P: You've done the right thing to come to me . Still pacing. We can't have you all confused. that's why we have professors. if we could trust everyone to think on their own and not get confused, we wouldn't need professors, now would we?
St: No sir...[beat] That makes so much sense. I feel less confused already.
The professor circles his desk.
P: Now, let's answer your question. Let me tell you how to think.
St: My question... oh yes. I was reading a book... [beat] What is the meaning of Little Miss Muffet?
P: Oh. Hmm. This is a hard one. He walks to the chalkboard. Let's find out what it says by knowing what it does not say. Student nods. The professor picks up a piece of chalk and writes "Little Miss Muffet sat on her tuffet eating her curds and whey." He pauses before he adds the rest. "Along came a spider and sat down beside her and frightened Miss Muffet away." Let's start with the first bit.
St: Little Miss Muffet?
P: Exactly. Now to understand Little Miss Muffet, we need to understand what she is not. Can you tell me what she is not? What is the opposite of Little Miss?
St: Um... Another book falls.
P: Yes?
St: Erm...
P: Let me help you. Can you think of something that has no traits whatsoever in common with Muffet? A...pen for example?
St: That's right. Little Miss Muffet is definately different than a pen. A book falls.
P: Her exact opposite, I would say.
St: Why, yes.
P: So the first line is not saying "Caligraphy pens." Right?
St: Right.
P: Ok. We've got a good start at knowing the real meaning of this poem. He crosses out the first line. What's next?
St: Sat on her tuffet.
P: Good! Although we discourage it, you are becoming a very good reader. Be careful of that. So Muffet is on her tuffet. What is she not doing? The Student gives a blank stare. I see this is going to take some time. What would happen to her if she sat on her tuffet in a pool?
St: Well, she'd sink.
P: Correct. So we obviously know that she is not in the pool. Therefore the poem is not saying "Caligraphy pens in a swimming pool."
St: You're right!
P: Of course I'm right. Now a few more lines. He marks off what they've done so far.
St: Eating her curds and whey.
P: This is trickier. What if she didn't sink to the bottom?
St: I don't know.
P: Well, her curds and whey would make her fat and she would sink. Right?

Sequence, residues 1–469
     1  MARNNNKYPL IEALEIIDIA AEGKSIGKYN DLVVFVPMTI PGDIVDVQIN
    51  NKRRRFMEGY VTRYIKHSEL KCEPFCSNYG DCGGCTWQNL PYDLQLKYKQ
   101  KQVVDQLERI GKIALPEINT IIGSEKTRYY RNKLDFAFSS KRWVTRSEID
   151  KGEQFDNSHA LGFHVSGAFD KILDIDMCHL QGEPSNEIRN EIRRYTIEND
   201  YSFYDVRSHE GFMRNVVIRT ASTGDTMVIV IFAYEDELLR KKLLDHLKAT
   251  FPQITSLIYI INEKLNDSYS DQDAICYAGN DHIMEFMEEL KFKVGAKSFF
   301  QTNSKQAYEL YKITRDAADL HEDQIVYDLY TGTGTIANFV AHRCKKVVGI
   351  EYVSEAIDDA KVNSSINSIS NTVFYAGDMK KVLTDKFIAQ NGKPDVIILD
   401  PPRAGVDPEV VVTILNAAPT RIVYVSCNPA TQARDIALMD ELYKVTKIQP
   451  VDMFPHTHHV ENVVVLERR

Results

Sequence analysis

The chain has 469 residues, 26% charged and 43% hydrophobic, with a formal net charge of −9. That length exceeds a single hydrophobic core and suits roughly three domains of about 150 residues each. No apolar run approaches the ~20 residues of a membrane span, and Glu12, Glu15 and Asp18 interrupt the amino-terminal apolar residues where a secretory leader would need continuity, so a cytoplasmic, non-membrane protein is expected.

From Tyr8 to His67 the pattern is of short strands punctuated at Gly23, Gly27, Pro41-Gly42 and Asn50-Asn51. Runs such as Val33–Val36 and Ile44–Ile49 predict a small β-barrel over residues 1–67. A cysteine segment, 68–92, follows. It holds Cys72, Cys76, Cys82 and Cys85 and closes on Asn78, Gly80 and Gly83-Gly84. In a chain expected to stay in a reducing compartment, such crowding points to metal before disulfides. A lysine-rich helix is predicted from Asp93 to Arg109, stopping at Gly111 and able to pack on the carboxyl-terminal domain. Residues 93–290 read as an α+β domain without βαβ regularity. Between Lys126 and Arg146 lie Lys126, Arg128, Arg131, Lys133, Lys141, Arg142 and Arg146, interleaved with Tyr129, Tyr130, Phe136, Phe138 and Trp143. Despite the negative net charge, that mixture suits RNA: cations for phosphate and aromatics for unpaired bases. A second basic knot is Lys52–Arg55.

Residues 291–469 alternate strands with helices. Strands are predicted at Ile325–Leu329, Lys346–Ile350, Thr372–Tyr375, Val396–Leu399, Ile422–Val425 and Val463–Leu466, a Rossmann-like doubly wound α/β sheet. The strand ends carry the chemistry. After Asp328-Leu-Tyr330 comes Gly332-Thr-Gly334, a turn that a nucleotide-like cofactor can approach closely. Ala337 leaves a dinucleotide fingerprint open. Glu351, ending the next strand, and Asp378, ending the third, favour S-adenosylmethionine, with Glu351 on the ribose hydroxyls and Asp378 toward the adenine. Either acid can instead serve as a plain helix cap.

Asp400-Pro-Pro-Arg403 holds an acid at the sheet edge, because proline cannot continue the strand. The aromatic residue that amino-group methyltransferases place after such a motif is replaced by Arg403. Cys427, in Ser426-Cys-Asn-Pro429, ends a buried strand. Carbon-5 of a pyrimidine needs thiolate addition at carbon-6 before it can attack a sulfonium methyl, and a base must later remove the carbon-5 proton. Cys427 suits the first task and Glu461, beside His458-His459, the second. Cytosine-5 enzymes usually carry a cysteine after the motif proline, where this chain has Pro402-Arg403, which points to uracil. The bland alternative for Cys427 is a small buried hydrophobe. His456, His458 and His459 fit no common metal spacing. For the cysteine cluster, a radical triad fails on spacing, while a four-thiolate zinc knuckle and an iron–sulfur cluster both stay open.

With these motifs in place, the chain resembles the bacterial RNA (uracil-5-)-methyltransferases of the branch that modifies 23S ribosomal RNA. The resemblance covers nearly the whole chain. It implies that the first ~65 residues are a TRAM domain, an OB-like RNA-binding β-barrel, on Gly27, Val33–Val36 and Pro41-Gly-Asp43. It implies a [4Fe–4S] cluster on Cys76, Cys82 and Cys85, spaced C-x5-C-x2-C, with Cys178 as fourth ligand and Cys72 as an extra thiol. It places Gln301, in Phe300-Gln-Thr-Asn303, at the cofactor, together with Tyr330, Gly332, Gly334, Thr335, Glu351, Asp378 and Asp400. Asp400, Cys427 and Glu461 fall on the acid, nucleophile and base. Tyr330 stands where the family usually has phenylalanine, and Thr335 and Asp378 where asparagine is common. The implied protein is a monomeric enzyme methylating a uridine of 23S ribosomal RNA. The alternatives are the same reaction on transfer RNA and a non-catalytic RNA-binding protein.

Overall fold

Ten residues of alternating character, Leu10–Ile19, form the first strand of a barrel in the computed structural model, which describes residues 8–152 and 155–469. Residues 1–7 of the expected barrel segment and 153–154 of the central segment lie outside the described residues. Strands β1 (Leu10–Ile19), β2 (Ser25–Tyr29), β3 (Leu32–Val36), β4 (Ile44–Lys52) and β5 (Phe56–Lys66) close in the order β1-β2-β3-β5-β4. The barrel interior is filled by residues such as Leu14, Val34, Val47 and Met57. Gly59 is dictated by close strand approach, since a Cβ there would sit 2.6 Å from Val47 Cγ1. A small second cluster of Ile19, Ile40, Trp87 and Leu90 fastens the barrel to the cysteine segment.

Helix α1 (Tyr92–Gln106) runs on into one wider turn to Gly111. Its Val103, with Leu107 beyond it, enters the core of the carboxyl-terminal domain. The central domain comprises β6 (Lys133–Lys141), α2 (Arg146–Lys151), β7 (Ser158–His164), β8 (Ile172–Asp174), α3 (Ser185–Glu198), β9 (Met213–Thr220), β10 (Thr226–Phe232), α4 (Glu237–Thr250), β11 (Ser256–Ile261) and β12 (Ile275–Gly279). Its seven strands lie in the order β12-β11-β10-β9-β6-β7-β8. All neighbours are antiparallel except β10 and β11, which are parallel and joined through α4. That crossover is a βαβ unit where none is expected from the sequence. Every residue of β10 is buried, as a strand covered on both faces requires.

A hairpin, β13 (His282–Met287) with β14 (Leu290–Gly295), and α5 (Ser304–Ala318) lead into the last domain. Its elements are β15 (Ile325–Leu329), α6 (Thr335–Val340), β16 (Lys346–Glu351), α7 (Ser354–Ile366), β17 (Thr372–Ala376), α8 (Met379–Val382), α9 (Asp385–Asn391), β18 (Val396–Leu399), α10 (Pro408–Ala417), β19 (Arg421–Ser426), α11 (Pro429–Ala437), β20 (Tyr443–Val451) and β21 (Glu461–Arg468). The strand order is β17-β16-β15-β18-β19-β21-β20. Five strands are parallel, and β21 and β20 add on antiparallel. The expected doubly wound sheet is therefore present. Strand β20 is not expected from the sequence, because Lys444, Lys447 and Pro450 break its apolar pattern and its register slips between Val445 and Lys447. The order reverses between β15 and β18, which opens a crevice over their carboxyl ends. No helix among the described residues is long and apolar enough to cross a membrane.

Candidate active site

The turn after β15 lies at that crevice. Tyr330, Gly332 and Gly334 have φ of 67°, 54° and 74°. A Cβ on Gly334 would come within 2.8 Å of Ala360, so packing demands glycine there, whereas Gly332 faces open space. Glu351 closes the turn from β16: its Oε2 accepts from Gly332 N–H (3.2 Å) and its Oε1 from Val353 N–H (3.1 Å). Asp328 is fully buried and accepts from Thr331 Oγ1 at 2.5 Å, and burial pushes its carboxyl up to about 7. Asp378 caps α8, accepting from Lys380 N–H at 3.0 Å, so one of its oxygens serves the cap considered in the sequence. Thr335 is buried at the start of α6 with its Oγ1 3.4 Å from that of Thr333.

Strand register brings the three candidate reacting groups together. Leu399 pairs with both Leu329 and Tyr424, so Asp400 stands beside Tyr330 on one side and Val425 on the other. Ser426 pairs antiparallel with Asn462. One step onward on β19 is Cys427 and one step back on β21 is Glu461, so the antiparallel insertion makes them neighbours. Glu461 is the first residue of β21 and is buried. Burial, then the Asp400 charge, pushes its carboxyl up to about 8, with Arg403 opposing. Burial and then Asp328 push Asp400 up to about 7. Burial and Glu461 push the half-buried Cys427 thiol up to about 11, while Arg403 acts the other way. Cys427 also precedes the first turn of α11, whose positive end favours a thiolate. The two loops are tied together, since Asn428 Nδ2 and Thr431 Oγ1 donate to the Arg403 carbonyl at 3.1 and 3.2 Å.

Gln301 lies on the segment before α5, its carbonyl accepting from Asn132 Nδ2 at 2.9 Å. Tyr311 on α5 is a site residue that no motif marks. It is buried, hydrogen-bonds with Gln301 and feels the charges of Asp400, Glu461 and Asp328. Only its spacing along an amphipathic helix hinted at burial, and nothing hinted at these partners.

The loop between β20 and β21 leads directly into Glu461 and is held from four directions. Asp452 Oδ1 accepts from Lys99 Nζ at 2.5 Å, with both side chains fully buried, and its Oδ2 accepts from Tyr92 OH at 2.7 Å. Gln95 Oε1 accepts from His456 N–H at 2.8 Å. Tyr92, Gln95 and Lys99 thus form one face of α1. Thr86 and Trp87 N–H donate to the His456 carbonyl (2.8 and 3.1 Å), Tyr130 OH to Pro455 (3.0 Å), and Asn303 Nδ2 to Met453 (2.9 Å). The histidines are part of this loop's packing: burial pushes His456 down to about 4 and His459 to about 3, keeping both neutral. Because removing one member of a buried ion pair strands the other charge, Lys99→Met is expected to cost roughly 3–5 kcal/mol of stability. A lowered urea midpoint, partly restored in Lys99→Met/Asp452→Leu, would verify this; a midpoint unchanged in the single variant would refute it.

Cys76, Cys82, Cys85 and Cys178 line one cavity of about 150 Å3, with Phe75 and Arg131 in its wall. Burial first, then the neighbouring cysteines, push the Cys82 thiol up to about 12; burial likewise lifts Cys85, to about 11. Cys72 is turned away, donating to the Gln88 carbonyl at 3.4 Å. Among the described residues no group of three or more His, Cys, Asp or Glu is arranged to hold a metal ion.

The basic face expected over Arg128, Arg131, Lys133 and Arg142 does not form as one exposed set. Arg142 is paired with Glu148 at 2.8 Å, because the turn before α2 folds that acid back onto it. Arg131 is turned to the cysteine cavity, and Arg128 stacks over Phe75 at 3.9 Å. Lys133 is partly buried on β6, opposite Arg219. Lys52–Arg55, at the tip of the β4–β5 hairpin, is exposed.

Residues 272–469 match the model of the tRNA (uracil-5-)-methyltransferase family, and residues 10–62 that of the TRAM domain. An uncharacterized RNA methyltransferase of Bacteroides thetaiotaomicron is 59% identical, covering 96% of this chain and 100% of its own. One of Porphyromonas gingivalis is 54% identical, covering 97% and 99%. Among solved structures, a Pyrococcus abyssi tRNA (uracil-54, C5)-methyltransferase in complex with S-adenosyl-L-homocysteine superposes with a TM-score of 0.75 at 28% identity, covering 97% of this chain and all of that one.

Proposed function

St: Of course!
P: So?
St: So...she's obviously not floating.
P: Bravo! Magnifique! He claps his hands together and states slowly: Caligraphy pens in a swimming pool float on the surface.
St: Yes! They do! In the excitement, she drops the rest of her books on the ground.
P: See?! Is it coming clear?
St: I do see! Can I try the next one?
P: Go ahead. It's "along came a spider."
St: Well, you can't eat spiders, but you can eat popsicles, so the opposite of spider is popsicle.
P: Good. Good. You're doing wonderfully.
St: The the next line does not say, "But when a popsicle falls."
P: Amazing! You are a fine student. Try "And sat down beside her."
St: Sat down beside her...well, sitting down is a verb, and a newspaper is a noun, and I don't think people eat curds and whey at Central Park, so...
P: Yes? Yes? The professor is excited, egging the student on.
St: The next line must clearly not mean "On a newspaper in Central Park."
P: We're almost done. Soon it will be all clear to us!
St: Ok! She is almost jumping up and down. And frightened Miss Muffet away. So I was thinking Professor...
P: Didn't I warn you about thinking?
St: Well, yes, but I was thinking. It might actually be brilliant. I was thinking...that the opposite of Miss Muffet is not only a pen, but also a clock.
P: I don't know if you can do that. Things can't have two opposites, you know. That's why they're opposites.
The student bites the end of a pencil.
St: Well, girls don't stop. Clocks do, though. So in that way, maybe they are opposites.
P: That sounds good.
St: So therefore, the last line is "All clocks stop."
P: What do we have then?
St (carefully): Caligraphy pens in a swimming pool float on the surface, but when a popsicle falls on a newspaper in Central Park, all clocks stop.
P: Excellant! We've found the meaning...or the anti-meaning. You could say. We've come up with everything that Little Miss Muffet was not saying.
St: Yes. We have.
P: But then, what was Little Miss Muffet saying?
Student pauses in thought.
St: Little Miss Muffet is saying that...(with a suddent burst of excitement) to NOT drop caligraphy pens in a swimming pools or popscicles on newpapers!